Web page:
About the author: Paul Schumacher ’10 works as a private security officer at a hospital and tries to use his down time to e-mail himself bits of story (author’s website). He lives in Bettendorf, Iowa.
Watterson, Kate. Frozen. New York: Tor Books-Tom Doherty Associates, 2012. 374pp.
Watterson, Kate. Charred. New York: Tor Books-Tom Doherty Associates, 2013. 312pp.
Summary: Frozen is Kate Watterson’s first detective mystery, though she is an accomplished writer (see About the Author below). Ellie MacIntosh, a detective in a small town in the north woods of Wisconsin, has a dilemma: Apparently a serial killer is at work, but no bodies have been found. Still, when the fourth young woman goes missing, Ellie knows she needs to find the killer quickly. Two things impede her investigation: an icy Wisconsin blizzard and the attractive man staying in his family’s cabin. Is Bryce Grantham just in the wrong place at the wrong time—or is he the malevolent killer?
Watterson’s narrative immediately pulls the reader into the maelstrom: “The summer was too easy. He’d done the summer first, but there really was no challenge in it. … The woods were quiet, sleeping, waiting, full of shadows. Perfect.” Because each chapter’s opening narrative places us in the killer’s mind, we’re always aware of his thoughts and his proximity. What we do not know until practically the end of this gripping story is—who. Ellie encounters several possibilities once she and her partner Rick Jones discern a pattern, and they begin to make progress in this intriguing and frustrating investigation. Unfortunately, the handsome Bryce shows up at every incident. Is he only an unwilling and accidental observer?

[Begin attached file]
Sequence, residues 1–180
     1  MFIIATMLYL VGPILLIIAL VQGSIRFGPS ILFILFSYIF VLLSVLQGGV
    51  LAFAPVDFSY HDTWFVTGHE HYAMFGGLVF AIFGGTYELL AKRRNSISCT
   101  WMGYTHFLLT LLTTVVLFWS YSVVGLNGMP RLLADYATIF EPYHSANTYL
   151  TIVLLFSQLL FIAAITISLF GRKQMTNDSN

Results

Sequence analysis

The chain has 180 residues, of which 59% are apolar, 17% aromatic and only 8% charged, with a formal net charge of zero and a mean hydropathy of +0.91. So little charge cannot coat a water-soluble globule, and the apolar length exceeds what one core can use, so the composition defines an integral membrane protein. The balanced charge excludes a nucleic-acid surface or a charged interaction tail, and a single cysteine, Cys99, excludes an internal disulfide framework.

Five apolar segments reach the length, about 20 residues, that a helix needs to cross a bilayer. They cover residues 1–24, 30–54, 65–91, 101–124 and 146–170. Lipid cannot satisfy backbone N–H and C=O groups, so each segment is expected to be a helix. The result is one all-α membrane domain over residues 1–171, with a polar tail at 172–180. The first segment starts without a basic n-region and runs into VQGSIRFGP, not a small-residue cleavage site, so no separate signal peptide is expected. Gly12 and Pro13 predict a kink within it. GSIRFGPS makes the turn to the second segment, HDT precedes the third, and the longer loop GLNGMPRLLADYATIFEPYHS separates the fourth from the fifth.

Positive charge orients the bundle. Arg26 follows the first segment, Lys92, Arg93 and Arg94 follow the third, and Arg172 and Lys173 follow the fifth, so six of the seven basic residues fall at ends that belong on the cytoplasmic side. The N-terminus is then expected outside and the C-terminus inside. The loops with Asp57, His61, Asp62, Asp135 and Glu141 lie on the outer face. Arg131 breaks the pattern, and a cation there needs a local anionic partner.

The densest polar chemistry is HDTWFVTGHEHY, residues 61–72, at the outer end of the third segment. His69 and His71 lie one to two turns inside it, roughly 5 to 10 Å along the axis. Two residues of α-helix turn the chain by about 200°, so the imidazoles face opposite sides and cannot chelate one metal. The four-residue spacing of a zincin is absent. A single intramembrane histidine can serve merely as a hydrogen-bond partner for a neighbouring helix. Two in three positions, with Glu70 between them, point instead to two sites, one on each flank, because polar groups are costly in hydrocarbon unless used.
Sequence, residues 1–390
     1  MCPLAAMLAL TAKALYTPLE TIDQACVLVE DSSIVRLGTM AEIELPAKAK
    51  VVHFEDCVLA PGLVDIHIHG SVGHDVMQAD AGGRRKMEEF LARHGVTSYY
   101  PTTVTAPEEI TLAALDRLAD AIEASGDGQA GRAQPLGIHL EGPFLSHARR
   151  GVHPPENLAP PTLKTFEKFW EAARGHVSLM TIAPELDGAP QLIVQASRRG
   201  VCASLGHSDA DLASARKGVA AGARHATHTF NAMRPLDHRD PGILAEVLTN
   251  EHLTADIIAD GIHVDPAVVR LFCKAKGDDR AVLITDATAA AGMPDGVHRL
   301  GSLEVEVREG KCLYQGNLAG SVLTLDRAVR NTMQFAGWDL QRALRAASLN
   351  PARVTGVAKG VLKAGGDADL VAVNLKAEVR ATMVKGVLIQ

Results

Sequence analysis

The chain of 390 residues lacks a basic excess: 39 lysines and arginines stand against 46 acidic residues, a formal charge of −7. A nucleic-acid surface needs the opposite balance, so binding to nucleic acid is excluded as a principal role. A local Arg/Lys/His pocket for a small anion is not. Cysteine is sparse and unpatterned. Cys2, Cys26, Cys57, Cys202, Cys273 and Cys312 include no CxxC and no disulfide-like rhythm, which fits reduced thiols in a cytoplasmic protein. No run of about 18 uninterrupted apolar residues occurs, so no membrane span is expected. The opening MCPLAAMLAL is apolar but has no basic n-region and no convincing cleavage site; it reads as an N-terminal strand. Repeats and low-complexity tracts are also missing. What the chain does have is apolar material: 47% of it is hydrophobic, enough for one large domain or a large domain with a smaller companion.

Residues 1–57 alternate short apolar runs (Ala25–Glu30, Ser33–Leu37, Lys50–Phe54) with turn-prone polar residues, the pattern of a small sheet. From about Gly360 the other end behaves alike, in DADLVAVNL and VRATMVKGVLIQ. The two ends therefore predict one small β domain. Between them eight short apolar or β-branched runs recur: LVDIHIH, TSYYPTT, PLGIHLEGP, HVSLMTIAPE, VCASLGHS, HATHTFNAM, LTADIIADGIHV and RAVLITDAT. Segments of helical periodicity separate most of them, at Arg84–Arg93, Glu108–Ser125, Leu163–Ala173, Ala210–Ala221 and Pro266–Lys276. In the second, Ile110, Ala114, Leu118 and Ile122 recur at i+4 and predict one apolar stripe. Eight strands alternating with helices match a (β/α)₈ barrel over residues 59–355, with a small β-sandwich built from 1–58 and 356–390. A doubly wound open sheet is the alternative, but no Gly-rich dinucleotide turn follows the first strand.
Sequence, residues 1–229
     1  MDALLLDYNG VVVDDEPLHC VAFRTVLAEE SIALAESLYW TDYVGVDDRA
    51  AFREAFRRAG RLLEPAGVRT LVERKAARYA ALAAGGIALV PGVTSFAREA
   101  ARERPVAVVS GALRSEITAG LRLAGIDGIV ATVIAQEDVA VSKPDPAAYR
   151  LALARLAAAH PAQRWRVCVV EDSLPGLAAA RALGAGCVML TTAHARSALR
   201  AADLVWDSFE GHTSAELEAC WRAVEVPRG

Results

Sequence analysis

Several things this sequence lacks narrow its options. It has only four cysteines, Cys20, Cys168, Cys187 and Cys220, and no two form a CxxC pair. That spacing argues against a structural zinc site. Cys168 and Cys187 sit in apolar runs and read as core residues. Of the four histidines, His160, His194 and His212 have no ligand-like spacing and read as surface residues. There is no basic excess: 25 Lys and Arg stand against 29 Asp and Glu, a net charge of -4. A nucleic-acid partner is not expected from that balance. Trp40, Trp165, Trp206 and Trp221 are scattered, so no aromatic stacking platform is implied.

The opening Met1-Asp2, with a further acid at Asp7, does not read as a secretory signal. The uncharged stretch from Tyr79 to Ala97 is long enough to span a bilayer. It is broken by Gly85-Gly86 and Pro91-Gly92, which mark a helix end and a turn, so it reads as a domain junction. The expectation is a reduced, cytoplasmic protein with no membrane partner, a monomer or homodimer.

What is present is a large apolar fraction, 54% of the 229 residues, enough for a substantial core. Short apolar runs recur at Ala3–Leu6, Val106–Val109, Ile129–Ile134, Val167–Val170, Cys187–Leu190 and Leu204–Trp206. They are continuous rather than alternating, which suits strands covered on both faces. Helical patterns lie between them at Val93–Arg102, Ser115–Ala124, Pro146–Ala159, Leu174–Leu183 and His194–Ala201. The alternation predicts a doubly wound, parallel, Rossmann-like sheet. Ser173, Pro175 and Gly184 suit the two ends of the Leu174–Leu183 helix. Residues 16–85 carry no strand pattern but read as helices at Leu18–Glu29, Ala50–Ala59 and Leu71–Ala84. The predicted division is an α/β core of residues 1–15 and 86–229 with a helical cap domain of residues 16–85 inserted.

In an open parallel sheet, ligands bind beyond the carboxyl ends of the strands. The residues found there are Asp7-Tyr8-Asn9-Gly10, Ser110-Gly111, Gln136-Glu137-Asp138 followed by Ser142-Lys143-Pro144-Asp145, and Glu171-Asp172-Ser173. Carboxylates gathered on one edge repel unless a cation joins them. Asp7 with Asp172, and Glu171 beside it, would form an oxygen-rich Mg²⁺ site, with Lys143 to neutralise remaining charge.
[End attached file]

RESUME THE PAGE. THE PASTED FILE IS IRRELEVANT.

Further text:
The intriguing plot and fully fleshed characters are set against the backdrop of a brutal Wisconsin winter storm. Watterson’s descriptions make the reader reach for a cup of hot coffee. For instance, Bryce “popped the trunk from inside but the back hatch was still frozen firmly in place and the keyhole coated over with ice. His gloved hands just skidded across the metal as he tried to heave it open.” Perceiving something on the ground, “Pelted with freezing rain, he bent over, and saw it was metal, encased in ice like a fly in amber.”
Anyone looking for a well-plotted, well-written mystery novel will be more than satisfied with Frozen. Just don’t forget the coffee.
Watterson’s next in the series finds Ellie living in Milwaukee during the hottest summer on record. She doesn’t get along with her new partner as well as she did with Rick Jones, but that’s okay as he reciprocates the feeling. Yet as fires rage and the body count rises, Ellie and Jason must work together to find a serial arsonist. Charred, slated to be published in June 2013, promises to be an excellent addition to the detective genre. Just don’t forget the iced tea.
About the author: Katherine Smith has published more than 30 books and, in the romance genre under the pseudonym of Emma Wildes, has won several awards. Her romance novels were reviewed in the May 2011 column of Reggie Reads. The detective series featuring Ellie MacIntosh is published as Kate Watterson. Smith currently lives in Indiana.